Mondella v. Schiffahrtsgesellschaft Oltmann MbH & Co. KG et al

Filing 62

ORDER: For the reasons provided in the attached Order, Plaintiffs' motion for sanctions, ECF No. 59 , is DENIED. Ordered by Judge Hector Gonzalez on 7/9/2024. (RCM)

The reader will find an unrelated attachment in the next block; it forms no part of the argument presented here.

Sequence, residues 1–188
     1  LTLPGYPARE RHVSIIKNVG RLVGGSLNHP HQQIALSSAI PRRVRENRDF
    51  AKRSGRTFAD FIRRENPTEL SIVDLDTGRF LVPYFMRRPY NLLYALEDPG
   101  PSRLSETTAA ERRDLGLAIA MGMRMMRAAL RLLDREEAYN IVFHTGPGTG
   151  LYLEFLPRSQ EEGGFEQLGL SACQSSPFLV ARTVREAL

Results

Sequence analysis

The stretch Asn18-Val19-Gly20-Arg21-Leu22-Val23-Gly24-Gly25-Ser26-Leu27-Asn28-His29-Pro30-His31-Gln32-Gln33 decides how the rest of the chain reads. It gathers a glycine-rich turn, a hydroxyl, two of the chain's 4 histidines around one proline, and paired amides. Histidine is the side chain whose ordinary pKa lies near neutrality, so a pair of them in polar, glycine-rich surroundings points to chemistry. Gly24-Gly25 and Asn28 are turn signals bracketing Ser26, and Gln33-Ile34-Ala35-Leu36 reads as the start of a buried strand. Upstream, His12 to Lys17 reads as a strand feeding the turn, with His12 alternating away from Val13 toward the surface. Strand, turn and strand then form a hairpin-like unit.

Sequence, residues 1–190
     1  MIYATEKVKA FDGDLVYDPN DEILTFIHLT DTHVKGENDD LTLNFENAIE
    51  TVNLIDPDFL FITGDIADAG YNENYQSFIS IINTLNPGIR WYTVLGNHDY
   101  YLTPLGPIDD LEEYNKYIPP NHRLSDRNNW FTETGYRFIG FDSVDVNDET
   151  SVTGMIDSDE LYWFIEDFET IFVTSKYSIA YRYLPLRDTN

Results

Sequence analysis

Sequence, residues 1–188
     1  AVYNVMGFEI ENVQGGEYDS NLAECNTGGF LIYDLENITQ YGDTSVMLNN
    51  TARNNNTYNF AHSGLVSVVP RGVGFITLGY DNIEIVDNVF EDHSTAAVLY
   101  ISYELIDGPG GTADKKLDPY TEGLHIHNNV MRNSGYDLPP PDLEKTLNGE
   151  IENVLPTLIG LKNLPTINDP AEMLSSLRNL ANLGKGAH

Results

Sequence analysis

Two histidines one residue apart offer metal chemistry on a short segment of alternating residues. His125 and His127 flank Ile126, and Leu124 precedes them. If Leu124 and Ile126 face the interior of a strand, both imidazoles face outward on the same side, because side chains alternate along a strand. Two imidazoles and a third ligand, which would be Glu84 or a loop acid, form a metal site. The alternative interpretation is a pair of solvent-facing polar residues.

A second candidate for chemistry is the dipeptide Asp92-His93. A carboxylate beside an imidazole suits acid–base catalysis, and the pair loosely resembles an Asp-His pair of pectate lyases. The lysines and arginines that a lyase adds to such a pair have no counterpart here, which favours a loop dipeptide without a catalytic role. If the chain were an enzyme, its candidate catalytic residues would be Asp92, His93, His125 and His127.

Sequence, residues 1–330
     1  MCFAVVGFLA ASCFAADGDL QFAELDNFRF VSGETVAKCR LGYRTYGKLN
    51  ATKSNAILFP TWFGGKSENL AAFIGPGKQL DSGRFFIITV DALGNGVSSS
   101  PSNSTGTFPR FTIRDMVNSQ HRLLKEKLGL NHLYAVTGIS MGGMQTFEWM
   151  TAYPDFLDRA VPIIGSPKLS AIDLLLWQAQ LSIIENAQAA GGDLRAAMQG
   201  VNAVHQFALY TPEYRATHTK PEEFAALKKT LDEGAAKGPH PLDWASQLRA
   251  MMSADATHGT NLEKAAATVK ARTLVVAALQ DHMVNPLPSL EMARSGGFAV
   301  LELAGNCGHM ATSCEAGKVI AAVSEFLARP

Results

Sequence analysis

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UNITED STATES DISTRICT COURT EASTERN DISTRICT OF NEW YORK ROBERT MONDELLA and TARA MONDELLA, DISCOVERY ORDER 20-CV-01059 (HG) (PK) Plaintiffs, v. SCHIFFAHRTSGESELLSCHAFT OLTMANN mbH & CO. KG, SCHIFFAHRTSGESELLSCHAFT OLTMANN VERWALTUNG mbH, and HANSECONTOR SHIPMANAGEMENT GmbH & CO. KG, Defendants. HECTOR GONZALEZ, United States District Judge: Plaintiff Robert Mondella, who alleges that he was seriously injured while working aboard a ship owned by Defendants, and his wife, Plaintiff Tara Mondella, seek spoliation sanctions for Defendants’ apparent loss or destruction of a “locking pin.” They claim the atissue pin became detached, causing the gangway on which Mr. Mondella was disembarking the ship to collapse. Because Plaintiffs have failed to demonstrate that Defendants denied them an adequate opportunity to inspect the pin, the motion is denied. BACKGROUND As alleged in the Amended Complaint, on April 11, 2019, Mr. Mondella was working on Defendants’ ship, JPO Capricornus. ECF No. 20 ¶¶ 9–18 (“AC”). As he disembarked the ship, he fell from the “dangerous and defective” gangway, leaving him “seriously injured.” Id. ¶ 20. Mr. Mondella sued Defendants for negligence under the Longshore and Harbor Workers’ Compensation Act of 1972, 33 U.S.C. § 905(b), and Ms. Mondella sued Defendants for, inter alia, loss of society of her husband. AC ¶¶ 21–24. Because it is relevant to the instant motion, the Court recounts the history of this case in detail. Mr. Mondella first sued on February 26, 2020, ECF No. 1, and Defendants answered the original Complaint on June 22, 2020, ECF No. 13. On June 3, 2020, Magistrate Judge Kuo entered the initial scheduling order in this case. ECF No. 12. After that, on July 14, 2020, Mr. Mondella served his “First Request for Production, Entry onto Premises & Preservation” on Defendants, which included the following notices: PLEASE TAKE FURTHER NOTICE that pursuant to Rule 34 of the Fed. R. Civ. P, plaintiff requests permission for his attorneys, surveyors, experts and/or photographers to enter upon the “JPO CAPRICORNUS” to inspect and measure, survey, photograph, video, test or sample the said Vessel at times, dates and places mutually convenient to the undersigned, defendants and their attorneys. PLEASE TAKE FURTHER NOTICE that plaintiff requests that defendants and those under its/their control, preserve any equipment and appurtenances involved in plaintiff’s accident, including but not limited to area involved in plaintiff’s accident, until such time as plaintiff’s counsel and/or their designated representative has had an opportunity to inspect and measure, survey, photograph, video, test or sample said equipment, and continuing until the time of trial. ECF No. 59-9 at 7–8 (emphasis in original). 1 In June 2021, Judge Kuo adjourned all deadlines in the case pending the resolution of Mr. Mondella’s workers’ compensation claim. June 22, 2021, Text Order. After the case was reassigned to me in June 2022, the parties filed a joint update on July 15, 2022, in which they informed Judge Kuo that the workers’ compensation claim was resolved. ECF No. 28. Judge Kuo then held another scheduling conference, July 28, 2022, Text Order, and entered a new scheduling order on September 6, 2022, ECF No. 31. On November 17, 2022, the parties informed Judge Kuo that “fact discovery is completed,” but requested an extension of time as to the expert discovery deadlines in view of Mr. Mondella’s continued medical treatment. ECF Nos. 34 at 1; 34-1 at 2. On April 6, 2023, the parties received another extension of time to 1 The Court refers to the pages assigned by the Electronic Case Files system (“ECF”). Unless noted, quotations from the parties’ papers omit all bolding. 2 complete expert discovery. Apr. 6, 2023, Text Order. On May 25, 2023, they submitted a proposed scheduling order, in which they again indicated that fact discovery was complete. ECF No. 38 at 1. Judge Kuo entered a new scheduling order on May 25, 2023. ECF No. 39. The parties filed a joint status report on November 20, 2023, in which they stated, in relevant part: “Plaintiff, Robert Mondella, is scheduled to be examined on December 8, 2023 by a physician retained by the defendants for a post-surgical examination. The doctor will issue a report following his examination . . . . Otherwise, all discovery has been completed in this matter. No dispositive motions are anticipated.” ECF No. 48 at 1. Nonetheless, on February 27, 2024, Defendants filed a letter requesting a pre-motion conference in anticipation of a motion for summary judgment. ECF Nos. 52, 53. Because that letter failed to comply with the Court’s Individual Rules, the Court struck it but gave the parties another opportunity to file pre-motion letters. Feb. 27, 2024, Text Order. Defendants filed another letter in anticipation of a motion for summary judgment and to preclude expert testimony. ECF Nos. 54, 55. Plaintiffs opposed that motion. ECF Nos. 56, 57. In their letter, Plaintiffs indicated for the first time their intention to seek spoliation sanctions, and the Court directed the parties to brief the sanctions issue before proceeding to the summary judgment briefing. Apr. 1, 2024, Text Order. On May 1, 2024, Plaintiffs filed their motion. ECF Nos. 59; 59-14 (Plaintiffs’ Memorandum of Law, “Mot.”). On May 31, 2024, Defendants filed their opposition. ECF No. 60 (Defendants’ Memorandum of Law, “Opp.”). Plaintiffs filed a reply on June 14, 2024. ECF No. 61 (“Reply”). LEGAL STANDARD Spoliation means “the destruction or significant alteration of evidence, or the failure to preserve property for another’s use as evidence in pending or reasonably foreseeable litigation.” Byrnie v. Town of Cromwell, Bd. of Educ., 243 F.3d 93, 107 (2d Cir. 2001). Although both sides 3 proceed under a spoliation framework, the Court must confirm that is the appropriate paradigm for resolving this motion. Compare Mot. at 20, with Opp. at 20. A “typical spoliation case” involves the destruction of evidence, in contrast to a case involving, for example, the belated production of evidence. Residential Funding Corp. v. DeGeorge Fin. Corp., 306 F.3d 99, 106 (2d Cir. 2002). 2 In this case, the parties are unfortunately vague as to the status of the at-issue pin. Plaintiffs have no affirmative evidence that the pin was destroyed or is missing. Mot. at 11. Defendants, who are obviously in a superior position to know, unhelpfully state that “[P]laintiffs have never asked what became of the pin, have made no attempts to inspect it, and merely state . . . that the pin ‘is presumed destroyed.’” Opp. at 11 (quoting Mot. at 11). A reasonable observer would imagine that were the pin still available for inspection, Defendants would have mentioned that central, useful fact in their 41-page submission. Instead, they intimate that the pin is now gone. See id. at 13 (“Plaintiffs had more than an adequate and meaningful opportunity to inspect the vessel and pin, but chose not to do so.” (capitalization altered)). Because Defendants admit that the pin existed and have put forward nothing indicating that it remains available, the Court may assume that the pin is missing. Herbert v. Lynch, No. 22-cv6303, 2024 WL 20942, at *5 (S.D.N.Y. Jan. 2, 2024). The law of spoliation therefore governs this dispute. “A party spoliates evidence if (1) the party having control over the evidence had an obligation to preserve it at the time it was destroyed; (2) the records were destroyed with a culpable state of mind; and (3) the destroyed evidence was relevant to the party’s claim or defense such that a reasonable trier of fact could find that it would support that claim or defense.” Rossbach v. Montefiore Med. Ctr., 81 F.4th 124, 139 (2d Cir. 2023). “A party seeking 2 Unless noted, case law quotations in this Order accept all alterations and omit internal quotation marks, citations, footnotes. 4 spoliation sanctions has the burden of establishing the elements of a spoliation claim by a preponderance of the evidence.” Dilworth v. Goldberg, 3 F. Supp. 3d 198, 200 (S.D.N.Y. 2014); accord Tchatat v. O’Hara, 249 F. Supp. 3d 701, 711 (S.D.N.Y. 2017), objection overruled, 2017 WL 3172715, at *9–11 (S.D.N.Y. July 25, 2017), aff’d, 795 F. App’x 34, 36–37 (2d Cir. 2019). DISCUSSION This motion turns on the first prong of the spoliation test, or whether Defendants “had an obligation to preserve [the pin] at the time it was destroyed.” Rossbach, 81 F.4th at 139. Normally, when that element is at issue, the controversy surrounds when the obligation to preserve was triggered. See Zubulake v. UBS Warburg LLC, 220 F.R.D. 212, 216 (S.D.N.Y. 2003) (“The obligation to preserve evidence arises when the party has notice that the evidence is relevant to litigation or when a party should have known that the evidence may be relevant to future litigation.”). Here, in contrast, the issue arises at the other end of the timeline: if and when did Defendants’ obligation to preserve the pin end? At the outer bound, “the obligation to preserve evidence does not continue indefinitely.” Aktas v. JMC Dev. Co., 877 F. Supp. 2d 1, 13 (N.D.N.Y. 2012) (citing Allstate Ins. Co. v. Hamilton Beach/Proctor Silex, Inc., 473 F.3d 450, 458 (2d Cir. 2007)). And “[t]he duty to preserve evidence may be extinguished by providing the opposing party with an adequate and meaningful opportunity to inspect.” See id. (citing cases). Against this legal backdrop, the key issue for Plaintiffs is that they cannot reasonably argue that they were denied an “adequate and meaningful opportunity to inspect” the pin (or the ship, for that matter). Defendants argue that Plaintiffs “evinced an affirmative abandonment of any interest in an in-person inspection” because they “never once followed up on their preservation notice,” excerpted above, “with a letter, an email, or even a phone call. They never once raised the issue of inspection with the Court, they twice certified to the Court that all discovery was complete, and they produced an expert report which drew unequivocal 5 conclusions on liability without inspecting, or expressing a need to inspect, the Vessel or pin in person.” Opp. at 17. 3 That argument may overstate how conscious Plaintiffs were when they failed to pursue an inspection, but it is nevertheless persuasive, especially insofar as Plaintiffs repeatedly confirmed to Judge Kuo that discovery was complete. Plaintiffs do not undermine Defendants’ arguments concerning Plaintiffs’ silence on this issue during discovery. Instead, they say that Defendants had to preserve the pin and disclose its existence, and that they “cannot now blame plaintiffs for failing to seek an inspection of the spoliated pin which no longer existed.” Reply at 4. But that argument assumes without evidence that the pin was never available for inspection at a time in which Defendants were obligated to make it available. Indeed, Plaintiffs cannot actually make that desired argument because they failed to pursue the inspection during discovery, the appropriate time for doing so. See Fed. R. Civ. P. 34(a)(1)(B) (permitting the inspection of tangible things and cross-referencing Rule 26(b), which governs the scope of discovery). Defendants point to the persuasive decision in Pirrello v. Gateway Marina, in which the court declined to impose sanctions where no parties inspected a boat until one year after the plaintiff filed suit, at which point they discovered that the at-issue evidence, the boat’s gas tank, had been displaced. No. 08-cv-1798, 2011 WL 4592689, at *3 (E.D.N.Y. Sept. 30, 2011). The court explained that such delay “weigh[ed] heavily against the imposition of sanctions.” Id. at *6. Just as in this case, that court found that “since there [was] no conclusive evidence as to when the gas tank was discarded, it [was] impossible to determine whether the parties could have conducted a meaningful inspection had they acted with more diligence.” Id. Nevertheless, the court concluded that it would have been “unreasonable . . . to expect that evidence would be preserved indefinitely, particularly under the 3 Defendants also argue that Plaintiffs’ motion should be denied because it is not timely. Opp. at 18–20. Although the Court may have discretion not to entertain a motion for sanctions at this late juncture, no rule prevents the Court from doing so. 6 circumstances” of, inter alia, such lengthy delay. Id. So, too, here, where Plaintiffs not only did not ask to inspect the pin but also repeatedly confirmed the completion of discovery. 4 The parties make several additional arguments, none of which is persuasive. First, Plaintiffs argue that “[i]n cases cited by [D]efendants where a spoliation sanction was denied, the alleged spoliator at the very least provided an explanation for the failure to preserve/produce evidence.” Reply at 7. To be sure, Defendants’ vagueness on this issue is disquieting and both the parties and the Court would have been better served by candor. But Plaintiffs have the sequencing wrong. Had the Court needed to craft a sanction for spoliation, this issue certainly would have been relevant. See West v. Goodyear Rubber & Tire Co., 167 F.3d 776, 779 (2d Cir. 1999) (in exercising its “broad discretion” to craft a sanction, a court must consider “prophylactic, punitive, and remedial rationales underlying the spoliation doctrine”). However, the Court does not reach that issue here because Plaintiffs have failed to carry their burden in the first instance to prove that Defendants spoliated the pin. See supra at 4–5. Plaintiffs fundamentally misconstrue both that burden and the distinction between the substantive standard for spoliation and the associated principles for crafting spoliation sanctions. See Reply at 9 (“Conspicuously absent from defendants’ opposition is any discussion negating the elements required for a spoliation sanction to issue[.]”). Next, Plaintiffs complain about other alleged discovery violations. They suggest that Defendants failed to produce the pin in response to document requests they served on Defendants, including for documents “referencing or regarding inspection and/or repair of the 4 Plaintiffs observe that the Pirrello court considered the costs associated with maintaining the boat. Reply at 6. That is true, but also makes no difference here. The salient point is that parties do not have a perpetual obligation to preserve evidence, but “need do only what is reasonable under the circumstances.” 2011 WL 4592689, at *5. A party’s lack of diligence in obtaining evidence and, critically, affirmative representations that it did not intend to pursue more discovery, bears on how reasonable it is for the opposing party to discard that evidence. 7 subject gangway.” Mot. at 10. But as Defendants correctly observe, that is an attempt to “shoehorn” a request for inspection into what are, on their face, document requests. Opp. at 11. To the extent Plaintiffs are actually complaining that Defendants have failed to produce responsive documents, they never have, and do not presently, seek relief for such violations. Mot. at 11. Relatedly, Plaintiffs contend that Defendants failed to disclose the existence of the pin in their Rule 26 disclosures. Reply at 5–6. The Court need not entertain that argument raised for the first time on reply. Fisher v. Kanas, 487 F. Supp. 2d 270, 278 (E.D.N.Y. 2007). But even if it did, Plaintiffs’ claim would not affect the outcome here because they do not explain the relevance of this argument for proving spoliation, nor do they advance an independent claim for sanctions pursuant to Rule 37(c)(1), the mechanism for enforcing Rule 26 obligations. Finally, Defendants argue for preclusion of Dr. Scott Lieberman’s expert findings for both this motion and on summary judgment. Opp. at 24–27; ECF No. 59-15 (Lieberman Dec.). That request is moot. As to this motion, Dr. Lieberman’s findings concerning the utility of inspecting the pin implicate only the missing evidence’s relevance. Mot. at 5, 15–17. The Court need not consider that portion of Plaintiffs’ argument because their claim fails at the first step of the spoliation analysis. And as to summary judgment, Plaintiffs indicate that they do not intend to rely on Dr. Lieberman. Reply at 8. Thus, no further relief is warranted. CONCLUSION This case exemplifies the consequences of the failure of parties to appropriately communicate during discovery. Clearly, as a matter of good practice, it would have been preferable for Defendants to inform Plaintiffs that the pin was or would become unavailable. At the same time, this case also shows how a party may, inadvertently or not, compromise its position by not vigorously and diligently pursuing discovery, as failing to do so may ultimately make it impossible for the complaining party to obtain relief for otherwise sanctionable conduct. 8 Had Plaintiffs scheduled an inspection during discovery, they would have obtained either the sought-after evidence or the necessary factual foundation for this motion. Accordingly, because Plaintiffs have put forward no evidence that Defendants denied them an adequate opportunity to inspect the pin, they have fallen far short of satisfying a necessary element of their spoliation claim. Their motion for sanctions must therefore be denied. The Court will enter a separate scheduling order for briefing on summary judgment and Daubert motions. SO ORDERED. /s/ Hector Gonzalez HECTOR GONZALEZ United States District Judge Dated: Brooklyn, New York July 9, 2024 9